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Chapter 13: Luxor to Alexandria in a Day

Updated: Mar 27

When this chapter starts, Anna identifies a passenger on the train as Fernand Bisson de La Roque, a French archaeologist and Egyptologist. De la Roque was a real person. From 1921-1924, he excavated the Djedefre pyramid at Abu Rawash, which is far north of Cairo near the Nile delta. From 1925 to 1932, he excavated at the Temple of Monthu, about 8 km northeast of Luxor. So theoretically, he could have plausibly been on a train between Luxor and Cairo in mid-December 1923. De la Roque, by the way, was a handsome man who looked a bit like a cross between Daniel Craig and Woody Harrelson.


The setting of chapter 13 is the Luxor Express. In reality, the train would have been quite small. Pictures of similar trains from Egypt at that time show only a few cars (six or so), nothing like bigger trains like the famed Oriental Express. Unexpectedly, it appears the baggage car was likely at the front of the train, behind the locomotive, not at the back, as one would expect. Unfortunately, there are no pictures of the inside of the trains. As a result, this is one place where I fudged in the writing. I made the train a bit bigger, and much more lavish than it would have been in reality.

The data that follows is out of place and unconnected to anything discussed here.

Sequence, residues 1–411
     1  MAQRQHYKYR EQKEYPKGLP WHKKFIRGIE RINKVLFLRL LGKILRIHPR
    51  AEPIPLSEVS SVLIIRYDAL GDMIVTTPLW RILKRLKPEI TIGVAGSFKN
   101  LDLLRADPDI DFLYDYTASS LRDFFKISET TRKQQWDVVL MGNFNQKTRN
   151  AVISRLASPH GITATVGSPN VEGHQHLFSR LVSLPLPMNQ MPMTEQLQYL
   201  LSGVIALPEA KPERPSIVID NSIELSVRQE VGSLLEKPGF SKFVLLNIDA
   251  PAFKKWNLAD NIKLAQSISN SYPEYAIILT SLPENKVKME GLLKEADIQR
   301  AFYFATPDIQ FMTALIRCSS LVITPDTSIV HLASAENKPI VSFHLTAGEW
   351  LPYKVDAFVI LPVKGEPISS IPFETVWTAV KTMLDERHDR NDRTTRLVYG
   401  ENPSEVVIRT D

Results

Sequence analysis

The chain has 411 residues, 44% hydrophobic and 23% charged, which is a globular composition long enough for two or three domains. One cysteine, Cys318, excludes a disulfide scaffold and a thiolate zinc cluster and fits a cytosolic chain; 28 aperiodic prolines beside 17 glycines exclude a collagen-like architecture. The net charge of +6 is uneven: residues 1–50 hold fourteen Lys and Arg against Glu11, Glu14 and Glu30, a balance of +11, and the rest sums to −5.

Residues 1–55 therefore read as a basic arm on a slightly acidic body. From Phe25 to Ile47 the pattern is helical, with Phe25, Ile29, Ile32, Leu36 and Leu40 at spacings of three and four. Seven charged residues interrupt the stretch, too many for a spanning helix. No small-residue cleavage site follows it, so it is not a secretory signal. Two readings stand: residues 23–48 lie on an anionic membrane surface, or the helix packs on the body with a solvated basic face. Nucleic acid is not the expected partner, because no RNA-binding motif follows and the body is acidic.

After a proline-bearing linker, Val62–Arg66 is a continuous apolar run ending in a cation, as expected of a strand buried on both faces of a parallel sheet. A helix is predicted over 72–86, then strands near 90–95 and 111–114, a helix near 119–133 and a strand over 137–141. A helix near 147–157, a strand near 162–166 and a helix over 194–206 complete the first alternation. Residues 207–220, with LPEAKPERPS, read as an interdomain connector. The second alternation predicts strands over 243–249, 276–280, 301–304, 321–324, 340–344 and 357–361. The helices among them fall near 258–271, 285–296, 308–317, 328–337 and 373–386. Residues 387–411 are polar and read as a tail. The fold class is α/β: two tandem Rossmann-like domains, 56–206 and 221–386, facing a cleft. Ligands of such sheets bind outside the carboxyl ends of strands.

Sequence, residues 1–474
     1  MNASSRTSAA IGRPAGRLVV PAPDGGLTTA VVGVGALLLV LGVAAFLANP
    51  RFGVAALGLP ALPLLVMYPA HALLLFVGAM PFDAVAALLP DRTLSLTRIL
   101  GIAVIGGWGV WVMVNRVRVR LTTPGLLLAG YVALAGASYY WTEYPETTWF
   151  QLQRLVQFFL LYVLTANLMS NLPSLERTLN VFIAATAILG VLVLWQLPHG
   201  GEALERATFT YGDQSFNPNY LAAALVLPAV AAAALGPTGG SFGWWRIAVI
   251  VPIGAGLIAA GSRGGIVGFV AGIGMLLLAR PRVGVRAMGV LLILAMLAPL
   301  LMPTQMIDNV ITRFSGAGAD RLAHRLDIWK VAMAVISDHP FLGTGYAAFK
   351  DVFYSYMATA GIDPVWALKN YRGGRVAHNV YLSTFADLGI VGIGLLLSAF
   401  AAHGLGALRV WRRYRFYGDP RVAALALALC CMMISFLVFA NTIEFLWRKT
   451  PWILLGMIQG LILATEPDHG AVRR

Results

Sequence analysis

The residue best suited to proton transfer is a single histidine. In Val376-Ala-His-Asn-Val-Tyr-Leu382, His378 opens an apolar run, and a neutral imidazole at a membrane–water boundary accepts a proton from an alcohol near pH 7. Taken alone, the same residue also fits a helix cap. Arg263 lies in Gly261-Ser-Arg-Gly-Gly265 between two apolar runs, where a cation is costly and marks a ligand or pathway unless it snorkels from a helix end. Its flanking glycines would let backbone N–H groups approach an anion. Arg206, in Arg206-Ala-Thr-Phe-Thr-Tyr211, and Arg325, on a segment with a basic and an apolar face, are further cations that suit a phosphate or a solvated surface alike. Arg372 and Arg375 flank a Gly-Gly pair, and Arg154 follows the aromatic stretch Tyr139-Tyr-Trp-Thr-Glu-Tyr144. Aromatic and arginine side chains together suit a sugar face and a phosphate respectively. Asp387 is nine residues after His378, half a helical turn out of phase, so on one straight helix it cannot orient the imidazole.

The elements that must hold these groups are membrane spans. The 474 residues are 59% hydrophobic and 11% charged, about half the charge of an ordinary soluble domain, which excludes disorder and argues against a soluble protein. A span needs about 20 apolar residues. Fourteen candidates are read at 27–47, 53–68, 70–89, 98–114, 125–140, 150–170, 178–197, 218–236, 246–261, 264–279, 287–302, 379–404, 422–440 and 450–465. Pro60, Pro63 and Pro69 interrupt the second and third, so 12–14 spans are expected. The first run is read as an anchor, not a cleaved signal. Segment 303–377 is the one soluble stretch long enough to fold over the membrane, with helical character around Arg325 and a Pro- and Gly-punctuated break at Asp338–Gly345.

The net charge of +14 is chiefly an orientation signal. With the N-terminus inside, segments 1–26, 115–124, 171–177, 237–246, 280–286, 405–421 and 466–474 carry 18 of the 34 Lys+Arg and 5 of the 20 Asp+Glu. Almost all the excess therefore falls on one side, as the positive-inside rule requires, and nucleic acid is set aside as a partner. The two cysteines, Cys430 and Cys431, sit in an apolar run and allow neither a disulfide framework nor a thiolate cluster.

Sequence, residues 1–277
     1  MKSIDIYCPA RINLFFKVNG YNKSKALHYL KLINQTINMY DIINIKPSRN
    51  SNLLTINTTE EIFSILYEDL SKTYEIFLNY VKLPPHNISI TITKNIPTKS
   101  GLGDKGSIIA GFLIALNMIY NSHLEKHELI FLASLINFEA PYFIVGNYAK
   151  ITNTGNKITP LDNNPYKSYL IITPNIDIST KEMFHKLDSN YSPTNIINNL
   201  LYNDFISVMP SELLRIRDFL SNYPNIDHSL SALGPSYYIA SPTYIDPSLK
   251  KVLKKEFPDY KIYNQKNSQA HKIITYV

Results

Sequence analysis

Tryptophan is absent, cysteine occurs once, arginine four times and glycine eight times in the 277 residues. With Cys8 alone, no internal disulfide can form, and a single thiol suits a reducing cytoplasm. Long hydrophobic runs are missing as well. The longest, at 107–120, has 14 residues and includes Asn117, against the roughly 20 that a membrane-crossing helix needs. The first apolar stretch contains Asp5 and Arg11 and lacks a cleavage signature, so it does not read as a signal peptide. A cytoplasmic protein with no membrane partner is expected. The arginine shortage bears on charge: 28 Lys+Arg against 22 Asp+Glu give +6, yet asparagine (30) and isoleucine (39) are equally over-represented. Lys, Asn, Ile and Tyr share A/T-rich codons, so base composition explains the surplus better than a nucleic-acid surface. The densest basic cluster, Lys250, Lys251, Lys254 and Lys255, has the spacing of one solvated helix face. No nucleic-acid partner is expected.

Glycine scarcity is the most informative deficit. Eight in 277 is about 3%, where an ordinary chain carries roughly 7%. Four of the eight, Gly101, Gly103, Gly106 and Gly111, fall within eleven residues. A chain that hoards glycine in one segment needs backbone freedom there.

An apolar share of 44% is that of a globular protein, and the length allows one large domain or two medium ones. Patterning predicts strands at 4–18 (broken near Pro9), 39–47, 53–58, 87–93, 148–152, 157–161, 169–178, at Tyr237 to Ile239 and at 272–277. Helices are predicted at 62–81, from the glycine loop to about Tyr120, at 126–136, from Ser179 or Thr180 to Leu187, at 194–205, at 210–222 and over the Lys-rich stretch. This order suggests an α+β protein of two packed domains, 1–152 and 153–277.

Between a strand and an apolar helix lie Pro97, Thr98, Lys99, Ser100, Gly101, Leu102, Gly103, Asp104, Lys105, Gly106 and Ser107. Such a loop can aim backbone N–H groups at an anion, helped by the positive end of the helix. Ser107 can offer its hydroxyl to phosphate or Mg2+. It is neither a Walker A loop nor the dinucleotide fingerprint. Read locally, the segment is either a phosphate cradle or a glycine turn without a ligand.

Anna's diatribe against her father as an anti-feminist is 100% true. More than just your usual Orientalist of the time, Lord Cromer founded and led the Men's League for Opposing Women's Suffrage in the UK in 1908 (and subsequently led the National League for Opposing Woman Suffrage from 1910-1912), and in Egypt, he raised school fees (preventing girls' education) and discouraged the training of female doctors. Fun fact about Cromer: he had an illegitimate daughter (although not a legitimate one, like the fictional character of Anna Baring).


Finally, if you've ever wondered "What undergarments did women wear in the 1920s?" this webpage is for you.

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